Is Alcoa Out of The Woods?

Is Alcoa Out of The Woods?

To say it's been a brutal past few years for global aluminum producers would be putting it mildly. While the broader market, as measured by the S&P 500 Index, continues to shrug off macroeconomic concerns to set new highs, aluminum stocks such as Alcoa woefully under-perform.

With a fresh quarterly earnings report in the rearview mirror, investor eyes are now squarely focused on the road ahead and what the future may hold for the world's leading aluminum producer. Management is very optimistic about the company's trajectory, but investors are likely not as certain. With all this in mind, is Alcoa's future as bright as its leadership would have you believe?

A glance back, a look ahead
At the 2013 Bank of America/Merrill Lynch Global Metals, Mining, and Steel Conference earlier this year, Alcoa laid out its plan to reengineer growth and get its business back on track. A great deal of the company's strategy revolved around cost controls as a means of enhancing profitability.

Indeed, Alcoa has made great strides in getting expenses under control that are helping to boost profitability. Using a very disciplined cost focus, Alcoa has achieved productivity improvements in the amount of $1.3 billion between 2009 and 2012. Furthermore, the company is operating at a very high level of efficiency. Alcoa's EBITDA margin in the first quarter of 2013 stood at 21%, a historic high and all told, is 2.3 times the company's margin ten years ago. And, Alcoa revealed a joint venture in Saudi Arabia that is the lowest cost smelter and refinery in the world.

These cost control measures were the primary driver behind Alcoa's return to profitability in the third quarter. In all, Alcoa booked $0.02 per share in net profits, reversing a net loss on both a quarter-over-quarter and year-over-year perspective.

Smaller industry competitors, while under many of the same pressures as Alcoa, have nonetheless held up better in recent months. Kaiser Aluminum has actually grown diluted earnings per share by 1% through the first nine months of the year. Going forward, Kaiser management expects to see some improvement in efficiency in the fourth quarter, meaning profitability could be even stronger.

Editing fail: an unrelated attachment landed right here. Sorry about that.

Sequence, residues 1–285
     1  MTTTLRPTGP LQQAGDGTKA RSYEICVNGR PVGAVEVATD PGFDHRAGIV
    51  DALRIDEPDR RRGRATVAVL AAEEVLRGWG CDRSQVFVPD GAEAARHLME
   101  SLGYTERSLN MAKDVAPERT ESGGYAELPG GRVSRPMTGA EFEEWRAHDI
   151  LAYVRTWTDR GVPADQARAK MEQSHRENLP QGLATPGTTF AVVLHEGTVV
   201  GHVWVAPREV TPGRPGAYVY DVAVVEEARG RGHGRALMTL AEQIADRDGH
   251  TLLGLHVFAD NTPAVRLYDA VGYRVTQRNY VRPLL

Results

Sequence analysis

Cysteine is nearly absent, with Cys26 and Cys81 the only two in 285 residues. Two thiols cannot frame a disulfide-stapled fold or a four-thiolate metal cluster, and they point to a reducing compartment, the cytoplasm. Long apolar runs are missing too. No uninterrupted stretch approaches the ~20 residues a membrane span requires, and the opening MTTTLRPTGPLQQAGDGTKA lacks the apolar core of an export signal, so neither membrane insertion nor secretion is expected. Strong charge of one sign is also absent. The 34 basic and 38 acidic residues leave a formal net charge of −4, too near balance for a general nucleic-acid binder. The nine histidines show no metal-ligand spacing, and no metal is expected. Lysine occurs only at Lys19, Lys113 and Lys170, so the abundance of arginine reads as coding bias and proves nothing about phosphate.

Cost controls aren't good enough
While investors should applaud Alcoa for producing profits in its most recent quarter, engineering profits through cost cuts alone aren't a viable long-term strategy. Sooner or later, the company needs to get revenue going in the right direction, which will be difficult given the tough pricing environment for aluminum. To be exact, aluminum prices on the London Metal Exchange declined 3% sequentially and 7% year-over-year.

Tough pricing was the main factor behind smaller aluminum producer Century Aluminum posting a net loss in both the second quarter and through the first half of 2013. Even though the company's revenue actually increased very slightly, the company's net loss expanded through the first half of 2013, year over year.

To be fair, Alcoa management reaffirmed its projections for global aluminum demand, which call for 7% growth for 2013. Growth is expected to be strong across several of the company's end markets, including aerospace and commercial building and construction, where global growth is projected to be at least 9% and 4%, respectively.

Capturing growth across its end markets, combined with further cost controls, are why management is confident that Alcoa is on track to meet its overarching goal this year, which is to be cash-flow positive. While this would represent a great accomplishment for a company that was on the brink of collapse during the heart of the financial crisis, the company advises investors to expect future pricing pressure to persist.

As a result, due to continuing uncertainties, investors may be wise to take a wait-and-see approach to global aluminum producers, including Alcoa. It's worth noting Alcoa's significant progress in many of its key initiatives, including productivity gains and growth in demand across its markets, but the company has not yet demonstrated an ability to produce steady profits with consistency.

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